Ambassador Petr Mikyska opened the first informal meeting of Czech Business Platform in GeorgiaOn March 24, 2021, Ambassador Petr Mikyska opened the first informal meeting of Czech Business Platform in Georgia. The Platform was established on the initiative and under the auspices of the Embassy of the Czech Republic in Tbilisi. There were nearly thirty representatives of Czech companies operating in Georgia and Georgian entrepreneurs selling Czech products or representing Czech entities participating in the first meeting. Representatives of the Czech non-governmental organizations Caritas Czech Republic in Georgia and People in Need were also present.Among those present were representatives of the largest Czech investors in Georgia ENERGO-PRO and MND (KBOC); representatives of ŠKODA Auto, KOPOS Kolín, Elkoplast, Alka Plast, TON, Eco-Bohemia, Wiemarg; importers, distributors and producers of beer using Czech technologies (Plzeň, Český ráj, Apeni, Ludi Batumuri, U Lva), real estate companies (Stratos, L&R Company Services), tourism (Georgia-Trip), medicine (National Laboratory of Genetics). The director of the Czech Trade office in Baku, P. Zelenka, who also covers Georgia, attended the meeting. The chairman of the newly revived Czech-Georgian Chamber of Commerce, D. Mahovský, informed about the planned activities. In the future, cooperation with other institutions is planned, such as the Chamber of Commerce of the Czech Republic, the Confederation of Industry and Transport of the Czech Republic, the Confederation of Municipalities and Cities. Representatives of the non-governmental sector presented the possibilities of cooperation with companies, their involvement in development cooperation projects and the concept of corporate social responsibility.The mission of the Platform is to enable discussion and exchange of views between representatives of companies and Embassy and companies themselves, sharing information, knowledge, skills and experience, strengthening public-private partnerships, ensuring greater regularity in contacts with Czech institutions, building links with Georgian partners and strengthening the brand of Czechia. Last but not least, the Platform should be a place for coordinating the promotion and protection of the interests of Czech companies through the Embassy. The Platform is open to all Czech companies interested in the Georgian market and Georgian companies selling Czech products.During the informal part, the participants shared their experiences from working in Georgia and generally positively assessed the idea of establishing the Platform. The prevailing opinion among those present was that meetings should take place regularly three times a year.Embassy of the Czech Republic in Tbilisi, Georgia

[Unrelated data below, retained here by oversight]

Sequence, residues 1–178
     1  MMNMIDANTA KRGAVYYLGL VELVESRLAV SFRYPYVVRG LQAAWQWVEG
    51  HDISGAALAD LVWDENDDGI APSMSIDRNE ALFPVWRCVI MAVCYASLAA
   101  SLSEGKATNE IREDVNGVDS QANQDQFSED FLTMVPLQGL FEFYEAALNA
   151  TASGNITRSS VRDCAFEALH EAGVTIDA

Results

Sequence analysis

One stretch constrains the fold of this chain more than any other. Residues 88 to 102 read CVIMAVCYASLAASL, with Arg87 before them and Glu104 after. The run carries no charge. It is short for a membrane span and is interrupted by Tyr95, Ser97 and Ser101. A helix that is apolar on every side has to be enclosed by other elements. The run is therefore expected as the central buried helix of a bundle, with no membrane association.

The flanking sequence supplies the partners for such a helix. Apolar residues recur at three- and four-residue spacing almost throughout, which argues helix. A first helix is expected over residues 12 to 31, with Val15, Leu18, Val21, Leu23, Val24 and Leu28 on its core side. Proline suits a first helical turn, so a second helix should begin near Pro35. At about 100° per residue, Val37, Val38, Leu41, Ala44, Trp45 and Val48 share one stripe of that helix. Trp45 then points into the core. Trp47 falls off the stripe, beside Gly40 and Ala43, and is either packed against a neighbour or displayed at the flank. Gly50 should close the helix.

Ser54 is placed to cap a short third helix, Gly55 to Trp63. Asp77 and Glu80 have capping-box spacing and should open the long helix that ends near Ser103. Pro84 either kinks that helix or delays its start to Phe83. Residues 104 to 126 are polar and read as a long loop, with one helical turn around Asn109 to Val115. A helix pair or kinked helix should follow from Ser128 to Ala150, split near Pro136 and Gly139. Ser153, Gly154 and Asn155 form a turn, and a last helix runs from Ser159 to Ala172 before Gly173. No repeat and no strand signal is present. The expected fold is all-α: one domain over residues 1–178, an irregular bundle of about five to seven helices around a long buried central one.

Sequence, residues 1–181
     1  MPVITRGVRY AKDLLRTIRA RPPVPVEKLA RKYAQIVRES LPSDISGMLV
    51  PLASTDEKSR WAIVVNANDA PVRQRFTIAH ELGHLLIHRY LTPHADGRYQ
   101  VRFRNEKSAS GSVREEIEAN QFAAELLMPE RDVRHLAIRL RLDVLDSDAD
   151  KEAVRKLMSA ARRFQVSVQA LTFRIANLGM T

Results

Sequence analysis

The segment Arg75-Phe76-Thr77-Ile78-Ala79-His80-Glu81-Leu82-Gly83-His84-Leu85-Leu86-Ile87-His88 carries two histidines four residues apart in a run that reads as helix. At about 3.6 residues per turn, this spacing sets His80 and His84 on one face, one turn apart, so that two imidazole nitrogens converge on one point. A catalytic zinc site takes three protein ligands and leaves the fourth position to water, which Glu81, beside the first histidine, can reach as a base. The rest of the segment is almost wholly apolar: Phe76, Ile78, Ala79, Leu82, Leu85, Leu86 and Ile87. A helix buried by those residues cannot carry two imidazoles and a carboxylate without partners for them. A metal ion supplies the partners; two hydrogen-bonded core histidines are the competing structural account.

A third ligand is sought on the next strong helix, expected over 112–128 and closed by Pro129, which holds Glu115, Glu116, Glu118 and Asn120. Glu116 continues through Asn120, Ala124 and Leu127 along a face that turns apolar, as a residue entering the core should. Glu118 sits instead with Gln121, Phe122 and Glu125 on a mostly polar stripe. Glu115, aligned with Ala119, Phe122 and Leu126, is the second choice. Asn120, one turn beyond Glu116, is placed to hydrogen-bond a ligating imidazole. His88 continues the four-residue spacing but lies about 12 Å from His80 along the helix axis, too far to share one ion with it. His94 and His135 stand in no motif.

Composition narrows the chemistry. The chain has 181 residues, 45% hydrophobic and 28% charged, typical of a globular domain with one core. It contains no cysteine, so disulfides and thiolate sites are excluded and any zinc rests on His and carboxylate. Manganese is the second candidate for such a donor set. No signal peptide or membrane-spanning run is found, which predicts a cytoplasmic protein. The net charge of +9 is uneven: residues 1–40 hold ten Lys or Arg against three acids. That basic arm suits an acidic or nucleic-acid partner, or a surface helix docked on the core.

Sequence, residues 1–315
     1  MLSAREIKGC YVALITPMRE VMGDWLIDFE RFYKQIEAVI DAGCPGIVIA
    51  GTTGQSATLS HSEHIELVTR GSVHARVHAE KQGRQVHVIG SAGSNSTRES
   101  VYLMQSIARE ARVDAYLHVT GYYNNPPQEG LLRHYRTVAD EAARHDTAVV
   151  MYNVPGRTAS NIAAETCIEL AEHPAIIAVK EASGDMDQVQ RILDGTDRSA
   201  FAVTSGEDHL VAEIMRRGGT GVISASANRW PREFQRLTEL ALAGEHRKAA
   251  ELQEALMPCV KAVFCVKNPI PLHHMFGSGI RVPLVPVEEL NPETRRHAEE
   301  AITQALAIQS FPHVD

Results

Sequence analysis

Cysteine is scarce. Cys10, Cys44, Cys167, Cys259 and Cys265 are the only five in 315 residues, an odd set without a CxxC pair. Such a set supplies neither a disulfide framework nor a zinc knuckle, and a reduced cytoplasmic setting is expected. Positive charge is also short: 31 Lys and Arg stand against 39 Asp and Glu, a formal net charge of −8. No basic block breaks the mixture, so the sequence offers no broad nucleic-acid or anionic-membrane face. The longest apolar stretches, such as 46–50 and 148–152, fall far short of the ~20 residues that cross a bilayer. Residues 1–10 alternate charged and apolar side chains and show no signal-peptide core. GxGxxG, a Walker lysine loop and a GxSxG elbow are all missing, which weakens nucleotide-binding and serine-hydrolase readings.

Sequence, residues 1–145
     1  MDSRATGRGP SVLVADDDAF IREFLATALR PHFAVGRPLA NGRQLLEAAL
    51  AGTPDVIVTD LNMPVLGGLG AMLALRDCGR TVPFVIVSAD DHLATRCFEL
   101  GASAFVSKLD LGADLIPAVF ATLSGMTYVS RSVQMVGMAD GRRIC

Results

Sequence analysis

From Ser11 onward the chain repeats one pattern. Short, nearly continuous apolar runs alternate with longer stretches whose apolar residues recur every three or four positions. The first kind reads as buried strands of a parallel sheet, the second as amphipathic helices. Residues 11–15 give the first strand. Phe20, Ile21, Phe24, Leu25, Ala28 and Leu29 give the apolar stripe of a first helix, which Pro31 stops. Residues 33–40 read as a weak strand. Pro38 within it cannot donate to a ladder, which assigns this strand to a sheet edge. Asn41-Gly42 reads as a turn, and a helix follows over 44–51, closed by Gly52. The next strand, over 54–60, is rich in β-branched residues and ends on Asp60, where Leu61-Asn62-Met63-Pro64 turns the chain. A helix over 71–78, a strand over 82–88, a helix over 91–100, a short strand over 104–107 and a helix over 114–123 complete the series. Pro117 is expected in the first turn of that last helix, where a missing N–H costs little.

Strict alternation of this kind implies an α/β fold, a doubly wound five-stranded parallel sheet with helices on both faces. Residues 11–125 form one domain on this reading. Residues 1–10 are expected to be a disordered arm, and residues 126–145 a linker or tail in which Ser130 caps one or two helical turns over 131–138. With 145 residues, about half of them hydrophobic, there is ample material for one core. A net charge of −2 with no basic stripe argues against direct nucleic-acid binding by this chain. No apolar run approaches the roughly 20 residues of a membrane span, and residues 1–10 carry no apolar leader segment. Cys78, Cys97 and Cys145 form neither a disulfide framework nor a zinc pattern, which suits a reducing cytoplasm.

Meeting between Public Defender and US Ambassador